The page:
By Jennifer Hibbit
I’ve written before about giving feedback, this Coaching Tip is about receiving feedback and by doing so practicing your contextual leadership skills. In our recent executive program, one of the participants shared her experience during a performance appraisal that shifted from an indictment on her character to a simple tweak in her behavior without any upset. It was the way she shifted the context during her performance review that I thought was insightful and admirable.
Jane (name has been changed) is a VP in the learning and development division of a large hi-tech company in the San Francisco Bay Area. She has an incredible track record with the company for well over a decade. She is a respected leader and has weathered many storms. It was time for the yearly performance review and she wasn’t expecting anything out of the ordinary, but was shocked when she saw that one of her peers rated her low and wrote the comment, ‘can be scary.’
Like any normal human being she began to jump to conclusions. She asked herself: ‘Have I been intimidating lately and haven’t been paying attention?’ ‘What have I done such that he would rate me so poorly?’ ‘The business challenges have been pretty stressful this past year, have I been too intense or short tempered with my staff and colleagues?’
Then she realized she had just walked down that dark alley of her mind (we say in our programs, ‘don’t go there alone!’) and decided to get curious about the feedback she just received. Of course she was triggered, anxious, and scared (‘this goes in her record, could make a mark on her career after all!’), but she went to the source to clarify his feedback.
In her conversation with her colleague, she just started asking questions to try to see what it was he saw about her that would have his conclusion be that ‘Jane is scary.’ After being in conversations with him for fifteen minutes, he told her that basically, it came down to that she puts too much information in her slide sets and people can’t digest that much. It scares them into inaction. That was it! No drama, no big upset! She told him that she would take care of that for the next meetings and invited him to give her feedback next time.
She made several contextual leadership ‘moves.’ Her actions left her with more freedom and power rather than going down the rat hole of ‘what have I done’ or ‘what a jerk; how can he do that to me’ and leaving it there. Here are a couple of practices around receiving assessments, either at work in performance reviews or in your personal life.
Don’t walk down that dark path alone.
Letting you brain take over and listening to ‘the committee’ may not leave you in the most powerful place. Gain clarity on the feedback by having a conversation and asking questions with the person delivering the assessment. For example, let your coach know that you need to vent for 15 minutes about what happened, but his or her response at the end of the conversation should be, ‘Thanks for sharing. Now what actions or conversation are you going to take so you have more choice and power about the conclusions you’re making?’ It’s good to vent and process, but don’t stay there too long. Do it responsibly. Don’t have the conversation with a colleague or someone too close to the situation. You wouldn’t want to start or perpetuate gossip; it’s destructive.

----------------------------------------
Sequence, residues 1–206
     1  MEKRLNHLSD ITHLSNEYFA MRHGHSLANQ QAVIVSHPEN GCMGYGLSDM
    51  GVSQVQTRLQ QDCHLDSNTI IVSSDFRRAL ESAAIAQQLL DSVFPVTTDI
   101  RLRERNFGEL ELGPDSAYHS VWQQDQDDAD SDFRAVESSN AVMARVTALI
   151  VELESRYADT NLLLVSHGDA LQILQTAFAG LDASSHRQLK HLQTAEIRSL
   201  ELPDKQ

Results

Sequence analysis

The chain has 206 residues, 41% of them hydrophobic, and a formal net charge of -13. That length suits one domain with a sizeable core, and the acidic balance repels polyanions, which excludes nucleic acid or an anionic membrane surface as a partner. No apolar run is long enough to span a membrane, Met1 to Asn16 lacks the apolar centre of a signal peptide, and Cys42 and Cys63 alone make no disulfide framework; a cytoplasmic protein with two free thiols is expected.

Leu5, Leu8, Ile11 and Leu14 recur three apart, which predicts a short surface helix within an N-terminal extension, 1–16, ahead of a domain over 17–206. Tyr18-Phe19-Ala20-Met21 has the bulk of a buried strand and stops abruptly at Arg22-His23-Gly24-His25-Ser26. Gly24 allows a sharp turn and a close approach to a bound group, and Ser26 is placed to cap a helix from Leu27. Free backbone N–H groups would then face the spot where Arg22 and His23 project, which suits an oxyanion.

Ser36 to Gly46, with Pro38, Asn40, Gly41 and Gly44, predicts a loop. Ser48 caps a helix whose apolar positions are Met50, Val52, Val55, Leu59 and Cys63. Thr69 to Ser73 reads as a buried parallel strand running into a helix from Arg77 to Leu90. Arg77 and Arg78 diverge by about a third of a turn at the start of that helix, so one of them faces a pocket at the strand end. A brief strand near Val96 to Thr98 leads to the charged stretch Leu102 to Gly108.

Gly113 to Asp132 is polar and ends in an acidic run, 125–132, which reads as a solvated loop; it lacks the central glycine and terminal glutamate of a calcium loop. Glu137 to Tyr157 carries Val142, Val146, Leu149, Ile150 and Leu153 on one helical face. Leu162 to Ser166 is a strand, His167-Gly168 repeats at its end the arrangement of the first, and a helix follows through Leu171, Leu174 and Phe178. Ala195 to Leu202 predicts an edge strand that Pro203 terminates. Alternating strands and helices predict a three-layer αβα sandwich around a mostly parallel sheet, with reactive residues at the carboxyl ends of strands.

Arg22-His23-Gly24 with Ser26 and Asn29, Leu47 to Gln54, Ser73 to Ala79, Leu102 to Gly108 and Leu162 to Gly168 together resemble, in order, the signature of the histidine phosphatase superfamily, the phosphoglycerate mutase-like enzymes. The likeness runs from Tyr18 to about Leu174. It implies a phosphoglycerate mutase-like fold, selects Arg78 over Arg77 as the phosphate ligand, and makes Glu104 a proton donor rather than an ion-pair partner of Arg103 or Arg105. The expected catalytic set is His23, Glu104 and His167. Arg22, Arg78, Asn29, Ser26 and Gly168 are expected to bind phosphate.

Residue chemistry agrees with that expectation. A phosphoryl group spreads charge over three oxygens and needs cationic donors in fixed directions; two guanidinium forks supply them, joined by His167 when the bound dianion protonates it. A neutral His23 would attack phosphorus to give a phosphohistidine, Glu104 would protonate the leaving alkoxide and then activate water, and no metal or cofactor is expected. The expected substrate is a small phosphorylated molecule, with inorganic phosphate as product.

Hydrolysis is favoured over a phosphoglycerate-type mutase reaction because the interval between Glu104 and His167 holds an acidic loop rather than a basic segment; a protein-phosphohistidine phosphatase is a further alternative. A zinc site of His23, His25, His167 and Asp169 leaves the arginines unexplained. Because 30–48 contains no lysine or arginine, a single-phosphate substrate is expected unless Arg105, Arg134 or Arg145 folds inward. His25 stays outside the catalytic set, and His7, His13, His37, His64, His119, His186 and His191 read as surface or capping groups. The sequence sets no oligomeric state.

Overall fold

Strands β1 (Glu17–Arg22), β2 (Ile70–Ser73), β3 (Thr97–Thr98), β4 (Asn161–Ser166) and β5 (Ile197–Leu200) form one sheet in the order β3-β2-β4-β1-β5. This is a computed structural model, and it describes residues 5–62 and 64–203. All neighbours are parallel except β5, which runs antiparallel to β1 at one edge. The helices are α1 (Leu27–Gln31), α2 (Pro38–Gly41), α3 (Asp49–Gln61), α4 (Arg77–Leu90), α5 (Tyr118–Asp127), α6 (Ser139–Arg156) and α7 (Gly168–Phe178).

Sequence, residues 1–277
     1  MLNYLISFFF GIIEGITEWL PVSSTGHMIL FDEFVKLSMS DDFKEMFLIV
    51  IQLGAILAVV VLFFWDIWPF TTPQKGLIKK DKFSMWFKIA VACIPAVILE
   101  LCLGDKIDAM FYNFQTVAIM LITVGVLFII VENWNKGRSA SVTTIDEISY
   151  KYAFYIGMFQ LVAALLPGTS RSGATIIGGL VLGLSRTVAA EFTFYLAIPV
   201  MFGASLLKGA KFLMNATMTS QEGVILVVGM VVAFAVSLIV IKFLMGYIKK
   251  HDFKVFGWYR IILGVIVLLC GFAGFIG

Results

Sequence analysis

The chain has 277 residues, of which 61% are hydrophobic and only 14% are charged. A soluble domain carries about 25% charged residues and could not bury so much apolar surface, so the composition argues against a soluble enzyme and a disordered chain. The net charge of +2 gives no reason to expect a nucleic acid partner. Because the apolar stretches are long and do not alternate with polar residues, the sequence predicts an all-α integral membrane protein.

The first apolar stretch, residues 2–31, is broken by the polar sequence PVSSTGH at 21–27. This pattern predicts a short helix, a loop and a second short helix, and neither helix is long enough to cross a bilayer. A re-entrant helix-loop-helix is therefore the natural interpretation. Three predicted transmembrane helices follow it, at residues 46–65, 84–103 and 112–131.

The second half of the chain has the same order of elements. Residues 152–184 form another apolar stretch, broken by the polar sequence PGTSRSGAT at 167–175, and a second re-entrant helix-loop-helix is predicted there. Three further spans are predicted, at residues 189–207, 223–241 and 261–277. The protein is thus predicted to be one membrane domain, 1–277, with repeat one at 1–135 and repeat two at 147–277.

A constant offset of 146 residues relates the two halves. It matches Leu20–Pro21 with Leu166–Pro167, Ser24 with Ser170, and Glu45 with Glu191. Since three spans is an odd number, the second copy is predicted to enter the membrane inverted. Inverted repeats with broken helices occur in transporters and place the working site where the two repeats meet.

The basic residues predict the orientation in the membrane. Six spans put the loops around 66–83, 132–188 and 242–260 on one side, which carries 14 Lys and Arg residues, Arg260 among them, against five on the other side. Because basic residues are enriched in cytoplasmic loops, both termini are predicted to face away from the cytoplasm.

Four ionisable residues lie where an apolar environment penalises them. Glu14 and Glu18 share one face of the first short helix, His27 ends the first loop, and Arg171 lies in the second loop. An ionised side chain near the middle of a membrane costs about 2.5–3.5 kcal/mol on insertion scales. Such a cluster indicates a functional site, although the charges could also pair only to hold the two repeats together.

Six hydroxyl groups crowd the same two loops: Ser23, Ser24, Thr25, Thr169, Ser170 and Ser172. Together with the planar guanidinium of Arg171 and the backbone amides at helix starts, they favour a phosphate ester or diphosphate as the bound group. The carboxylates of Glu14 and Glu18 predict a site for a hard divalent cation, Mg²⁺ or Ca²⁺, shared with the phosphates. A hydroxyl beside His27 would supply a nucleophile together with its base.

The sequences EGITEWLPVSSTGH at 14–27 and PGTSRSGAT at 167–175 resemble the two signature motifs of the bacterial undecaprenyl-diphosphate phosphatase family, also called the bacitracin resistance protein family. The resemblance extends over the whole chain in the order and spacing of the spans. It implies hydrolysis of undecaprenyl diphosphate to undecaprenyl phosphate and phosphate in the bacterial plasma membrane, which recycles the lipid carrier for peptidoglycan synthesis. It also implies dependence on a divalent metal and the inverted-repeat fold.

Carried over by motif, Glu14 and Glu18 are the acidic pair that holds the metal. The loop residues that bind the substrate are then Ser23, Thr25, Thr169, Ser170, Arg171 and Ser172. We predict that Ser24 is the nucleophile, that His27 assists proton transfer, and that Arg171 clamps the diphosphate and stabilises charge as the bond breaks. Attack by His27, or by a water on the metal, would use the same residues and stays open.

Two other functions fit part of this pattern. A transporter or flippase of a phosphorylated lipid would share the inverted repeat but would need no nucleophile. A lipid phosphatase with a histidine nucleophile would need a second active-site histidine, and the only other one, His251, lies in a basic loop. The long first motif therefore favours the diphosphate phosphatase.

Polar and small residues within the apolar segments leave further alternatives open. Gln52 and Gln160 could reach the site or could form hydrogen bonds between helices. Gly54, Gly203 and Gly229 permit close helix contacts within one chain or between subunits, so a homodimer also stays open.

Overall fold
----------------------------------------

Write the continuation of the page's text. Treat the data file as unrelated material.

Go to the source of the feedback.
You may be nervous, scared, or anxious. That’s okay. If you want to know what had them say what they said, then it is imperative to listen with fascination and curiosity. Most importantly, remain open and have in your mind, ‘what do they see that I don’t see?’ Be listening for how did they get to that conclusion. Don’t justify or defend, just listen. Have them ground their feedback, ‘So when X happened that lead you to think what?’ For more help here, look at last month’s Coach’s Column on ‘Grounding Your Feedback.’
Remember that it’s only a conclusion.
It’s not a fact. Conclusions are not immovable or unchangeable. They can be changed by conversations – by speaking, listening and asking questions. Conclusions are not true or false. They are just conclusions. They can be valid or not. They can be useful or not. The decision is ours.
At IWL, we have a strong preference for the saying, ‘it happened on my shift.’ This concept can sometimes be tricky because it’s subtle. At some level, if someone has created an interpretation about you and delivered feedback from that interpretation, it may be important to be responsible about the conclusion they have come to. Taking responsibility for how another sees you, gives you some power to do something about it.
In this conversation you may need to make an apology, clean up after your behavior, communicate what your intentions were, make new agreements or set new standards. Look to see where you can commit to new actions or make requests, offers or promises to the other person.
Authentically doing so often creates an opening for the other person to see more clearly or compassionately than what she or he previously assessed. Sometimes it also prompts an act of taking responsibility on his or her part as well.